[zeromq-dev] Extending the Paranoid Pirate Pattern - a problem and a candidate solution

Lucas Hope lucas.r.hope at gmail.com
Mon Jun 6 09:26:00 CEST 2011

Hi there,

I have extended the paranoid pirate pattern for a slightly different use
case, and I am having some difficulties. I think perhaps that this is a
deficit to the pattern itself, and not my programming - but am willing to
accept it could be the latter. :-)

My extension is this: I changed the worker so it handles envelope stacks
correctly, and implemented a dealer client in addition to a req client. (I
also altered the code to work with normal socket ids, and also to do real
work :-) )

My dealer dispatches batches of related jobs like this - job-id, "",
message-body. The batch length is about 50 and takes about 15 seconds of
processor time total. The dealer resends all unprocessed messages if it
doesn't hear from the broker queue for a given time period. As long as it is
has received at least one message, it doesn't time out.

The pattern works perfectly under normal operation.  However, it breaks down
badly if I kill the workers mid-batch and restart them again after the
client has begun retrying. The workers reconnect and begin to receive
defunct jobs from the older client socket(s) which the client has abandoned.
The workers spend time processing these defunct jobs before getting to the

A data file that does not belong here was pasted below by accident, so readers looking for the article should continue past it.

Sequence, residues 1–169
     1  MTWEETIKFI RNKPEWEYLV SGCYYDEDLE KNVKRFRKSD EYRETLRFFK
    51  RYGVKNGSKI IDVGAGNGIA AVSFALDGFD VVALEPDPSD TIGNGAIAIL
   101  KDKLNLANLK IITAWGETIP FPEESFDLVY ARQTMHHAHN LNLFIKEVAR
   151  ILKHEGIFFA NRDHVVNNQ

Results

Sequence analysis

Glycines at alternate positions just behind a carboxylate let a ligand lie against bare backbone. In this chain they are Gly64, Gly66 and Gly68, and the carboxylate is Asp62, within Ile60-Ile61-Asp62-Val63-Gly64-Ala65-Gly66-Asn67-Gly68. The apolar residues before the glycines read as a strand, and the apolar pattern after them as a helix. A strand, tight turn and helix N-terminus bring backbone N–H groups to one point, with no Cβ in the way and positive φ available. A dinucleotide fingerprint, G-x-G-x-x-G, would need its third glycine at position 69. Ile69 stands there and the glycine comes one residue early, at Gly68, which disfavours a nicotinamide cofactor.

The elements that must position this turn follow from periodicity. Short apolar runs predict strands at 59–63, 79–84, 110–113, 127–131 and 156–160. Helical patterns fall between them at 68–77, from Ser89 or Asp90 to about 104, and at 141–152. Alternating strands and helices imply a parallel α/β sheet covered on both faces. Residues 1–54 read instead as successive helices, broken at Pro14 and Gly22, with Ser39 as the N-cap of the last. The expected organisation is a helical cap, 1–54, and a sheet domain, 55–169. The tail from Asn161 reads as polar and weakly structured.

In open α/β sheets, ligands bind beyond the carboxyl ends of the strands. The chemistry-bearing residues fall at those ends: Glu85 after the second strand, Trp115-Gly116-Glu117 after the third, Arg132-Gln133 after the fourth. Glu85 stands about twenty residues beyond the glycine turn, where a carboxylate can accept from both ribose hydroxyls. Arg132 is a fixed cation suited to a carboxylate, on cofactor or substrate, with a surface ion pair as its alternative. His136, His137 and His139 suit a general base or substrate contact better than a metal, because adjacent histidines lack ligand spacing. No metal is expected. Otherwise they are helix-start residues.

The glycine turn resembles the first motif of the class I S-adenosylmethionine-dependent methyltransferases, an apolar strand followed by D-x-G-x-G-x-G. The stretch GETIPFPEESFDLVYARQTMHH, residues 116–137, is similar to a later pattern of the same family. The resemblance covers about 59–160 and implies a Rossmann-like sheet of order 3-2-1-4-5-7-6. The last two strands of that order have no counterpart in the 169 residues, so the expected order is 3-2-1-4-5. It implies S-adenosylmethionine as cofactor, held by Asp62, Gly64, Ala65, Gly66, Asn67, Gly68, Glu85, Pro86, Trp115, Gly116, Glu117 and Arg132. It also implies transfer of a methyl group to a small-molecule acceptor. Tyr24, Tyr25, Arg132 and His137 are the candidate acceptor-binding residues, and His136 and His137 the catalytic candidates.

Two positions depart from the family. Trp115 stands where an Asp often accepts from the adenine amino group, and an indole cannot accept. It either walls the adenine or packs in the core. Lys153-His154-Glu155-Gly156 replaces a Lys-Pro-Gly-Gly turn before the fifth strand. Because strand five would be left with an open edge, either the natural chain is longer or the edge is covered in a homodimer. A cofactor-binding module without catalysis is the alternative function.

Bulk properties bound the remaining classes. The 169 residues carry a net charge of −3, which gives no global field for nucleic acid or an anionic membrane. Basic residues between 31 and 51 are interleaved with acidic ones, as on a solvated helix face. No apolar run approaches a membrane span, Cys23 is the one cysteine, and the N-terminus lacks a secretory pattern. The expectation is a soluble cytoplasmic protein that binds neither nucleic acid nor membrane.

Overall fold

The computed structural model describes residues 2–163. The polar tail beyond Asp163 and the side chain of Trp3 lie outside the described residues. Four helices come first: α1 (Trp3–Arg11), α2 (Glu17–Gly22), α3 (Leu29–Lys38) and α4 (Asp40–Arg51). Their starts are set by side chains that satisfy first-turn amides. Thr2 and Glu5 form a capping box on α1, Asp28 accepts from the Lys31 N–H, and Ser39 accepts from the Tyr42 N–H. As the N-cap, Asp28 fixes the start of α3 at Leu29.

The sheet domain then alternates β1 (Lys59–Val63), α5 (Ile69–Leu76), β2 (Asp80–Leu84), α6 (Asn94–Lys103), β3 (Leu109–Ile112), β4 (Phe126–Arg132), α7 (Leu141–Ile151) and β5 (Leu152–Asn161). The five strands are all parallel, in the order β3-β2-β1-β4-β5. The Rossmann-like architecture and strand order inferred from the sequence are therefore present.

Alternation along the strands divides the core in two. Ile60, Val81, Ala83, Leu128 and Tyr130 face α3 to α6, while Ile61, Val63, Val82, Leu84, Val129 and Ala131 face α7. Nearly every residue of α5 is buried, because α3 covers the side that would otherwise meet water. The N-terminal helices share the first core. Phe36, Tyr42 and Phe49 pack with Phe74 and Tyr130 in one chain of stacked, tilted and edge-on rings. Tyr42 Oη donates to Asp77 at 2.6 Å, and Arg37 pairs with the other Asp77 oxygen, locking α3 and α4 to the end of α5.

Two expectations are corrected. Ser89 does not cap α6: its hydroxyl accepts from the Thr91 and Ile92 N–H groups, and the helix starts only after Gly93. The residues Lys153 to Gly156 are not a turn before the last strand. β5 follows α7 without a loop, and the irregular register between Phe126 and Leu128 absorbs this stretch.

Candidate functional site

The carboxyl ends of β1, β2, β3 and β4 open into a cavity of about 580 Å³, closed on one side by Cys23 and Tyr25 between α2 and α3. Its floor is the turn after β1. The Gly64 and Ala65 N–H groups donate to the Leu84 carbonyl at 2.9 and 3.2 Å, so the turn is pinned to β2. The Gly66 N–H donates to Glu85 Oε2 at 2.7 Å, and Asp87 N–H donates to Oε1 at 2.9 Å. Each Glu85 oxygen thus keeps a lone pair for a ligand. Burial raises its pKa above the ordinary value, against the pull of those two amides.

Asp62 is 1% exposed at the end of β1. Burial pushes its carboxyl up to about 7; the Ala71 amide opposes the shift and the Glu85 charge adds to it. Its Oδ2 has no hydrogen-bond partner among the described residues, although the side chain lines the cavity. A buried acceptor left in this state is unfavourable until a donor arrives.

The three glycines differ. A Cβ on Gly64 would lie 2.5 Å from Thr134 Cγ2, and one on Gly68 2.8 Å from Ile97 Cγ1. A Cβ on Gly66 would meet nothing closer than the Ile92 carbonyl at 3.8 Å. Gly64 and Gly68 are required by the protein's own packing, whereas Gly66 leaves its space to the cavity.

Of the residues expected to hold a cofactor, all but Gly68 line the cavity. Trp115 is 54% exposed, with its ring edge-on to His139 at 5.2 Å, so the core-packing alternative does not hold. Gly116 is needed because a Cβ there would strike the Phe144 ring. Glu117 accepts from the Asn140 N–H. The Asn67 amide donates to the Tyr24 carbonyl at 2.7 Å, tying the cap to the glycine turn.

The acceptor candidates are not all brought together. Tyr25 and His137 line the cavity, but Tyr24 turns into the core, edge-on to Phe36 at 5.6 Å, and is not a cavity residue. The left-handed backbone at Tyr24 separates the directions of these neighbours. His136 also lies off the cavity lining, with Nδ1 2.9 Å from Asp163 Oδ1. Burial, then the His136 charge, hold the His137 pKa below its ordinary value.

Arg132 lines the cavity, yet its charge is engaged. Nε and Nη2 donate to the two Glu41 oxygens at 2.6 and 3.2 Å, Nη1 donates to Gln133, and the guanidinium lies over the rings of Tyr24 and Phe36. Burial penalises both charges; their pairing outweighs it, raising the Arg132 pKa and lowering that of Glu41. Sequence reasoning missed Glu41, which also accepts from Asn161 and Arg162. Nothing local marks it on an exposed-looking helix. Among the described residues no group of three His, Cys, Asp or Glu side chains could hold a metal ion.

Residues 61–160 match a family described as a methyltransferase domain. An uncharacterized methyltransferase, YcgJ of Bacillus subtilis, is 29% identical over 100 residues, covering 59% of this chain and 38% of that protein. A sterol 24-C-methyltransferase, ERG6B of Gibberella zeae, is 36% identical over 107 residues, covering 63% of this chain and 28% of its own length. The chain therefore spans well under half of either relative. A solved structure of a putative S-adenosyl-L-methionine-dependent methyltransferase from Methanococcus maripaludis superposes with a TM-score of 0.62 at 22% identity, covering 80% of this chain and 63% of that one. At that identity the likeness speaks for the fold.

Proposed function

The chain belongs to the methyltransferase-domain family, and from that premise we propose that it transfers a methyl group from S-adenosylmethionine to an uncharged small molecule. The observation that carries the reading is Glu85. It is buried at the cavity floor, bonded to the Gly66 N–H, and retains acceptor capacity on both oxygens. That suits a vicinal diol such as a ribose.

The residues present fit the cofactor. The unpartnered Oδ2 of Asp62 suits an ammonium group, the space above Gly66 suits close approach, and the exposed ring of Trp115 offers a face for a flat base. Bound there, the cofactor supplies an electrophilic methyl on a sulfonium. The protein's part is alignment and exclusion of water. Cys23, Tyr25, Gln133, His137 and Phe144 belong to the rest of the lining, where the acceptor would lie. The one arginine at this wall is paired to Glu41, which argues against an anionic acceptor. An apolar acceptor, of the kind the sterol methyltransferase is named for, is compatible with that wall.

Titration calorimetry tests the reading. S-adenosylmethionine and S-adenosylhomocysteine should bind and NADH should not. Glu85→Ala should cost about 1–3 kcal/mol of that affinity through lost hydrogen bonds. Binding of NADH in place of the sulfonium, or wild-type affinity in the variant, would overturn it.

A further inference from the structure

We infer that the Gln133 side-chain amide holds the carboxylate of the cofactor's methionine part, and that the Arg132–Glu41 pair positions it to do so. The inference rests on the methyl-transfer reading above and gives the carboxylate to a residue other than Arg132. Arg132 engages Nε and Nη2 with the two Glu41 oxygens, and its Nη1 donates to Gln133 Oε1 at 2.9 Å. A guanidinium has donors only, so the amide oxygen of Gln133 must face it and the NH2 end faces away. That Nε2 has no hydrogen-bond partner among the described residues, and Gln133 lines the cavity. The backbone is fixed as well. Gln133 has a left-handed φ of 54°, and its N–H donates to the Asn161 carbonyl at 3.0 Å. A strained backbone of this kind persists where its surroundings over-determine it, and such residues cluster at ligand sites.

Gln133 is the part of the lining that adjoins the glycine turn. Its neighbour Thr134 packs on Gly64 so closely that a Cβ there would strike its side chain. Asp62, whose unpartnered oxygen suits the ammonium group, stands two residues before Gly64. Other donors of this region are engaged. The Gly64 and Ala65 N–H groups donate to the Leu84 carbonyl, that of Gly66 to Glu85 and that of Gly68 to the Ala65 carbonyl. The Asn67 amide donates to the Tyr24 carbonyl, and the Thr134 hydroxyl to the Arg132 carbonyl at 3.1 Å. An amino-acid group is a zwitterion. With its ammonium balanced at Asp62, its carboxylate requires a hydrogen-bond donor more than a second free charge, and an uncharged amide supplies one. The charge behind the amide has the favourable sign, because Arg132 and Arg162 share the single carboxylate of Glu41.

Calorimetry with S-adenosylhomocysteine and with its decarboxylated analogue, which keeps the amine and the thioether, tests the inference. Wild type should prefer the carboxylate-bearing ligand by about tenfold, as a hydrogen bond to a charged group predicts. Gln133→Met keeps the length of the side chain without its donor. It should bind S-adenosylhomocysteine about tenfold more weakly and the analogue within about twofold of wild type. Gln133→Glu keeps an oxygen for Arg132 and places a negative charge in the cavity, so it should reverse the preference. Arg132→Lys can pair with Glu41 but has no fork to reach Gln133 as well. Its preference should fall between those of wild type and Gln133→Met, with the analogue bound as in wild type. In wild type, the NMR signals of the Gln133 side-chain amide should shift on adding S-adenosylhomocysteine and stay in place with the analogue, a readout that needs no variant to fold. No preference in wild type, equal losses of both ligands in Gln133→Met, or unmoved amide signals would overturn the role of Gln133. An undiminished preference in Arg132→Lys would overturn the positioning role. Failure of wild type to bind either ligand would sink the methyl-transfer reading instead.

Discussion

new, valid jobs, and so can never catch up to live jobs which the client is
waiting on.

One solution is to tweak the retry parameters so the above is unlikely to
happen. But I'm not sure that is really reliable.

A second solution I thought of is as follows:

1. Receive messages from the client even if there are no workers ready.
Store these in an application-side queue for dispatch.

2. If the message body is an ABORT signal (either "ABORT" or perhaps \002),
go through the dispatch queue and remove messages relating to the sender's
envelope stack. The client sends the abort message just before closing the
socket and retrying (or aborting). This doesn't help if the queue itself has
died, but shouldn't hurt either.

Any thoughts or other solutions are welcome.


Dr Lucas Hope - lucas.r.hope at skype
Machine Learning and Software Engineering Consultant
Melbourne, Australia
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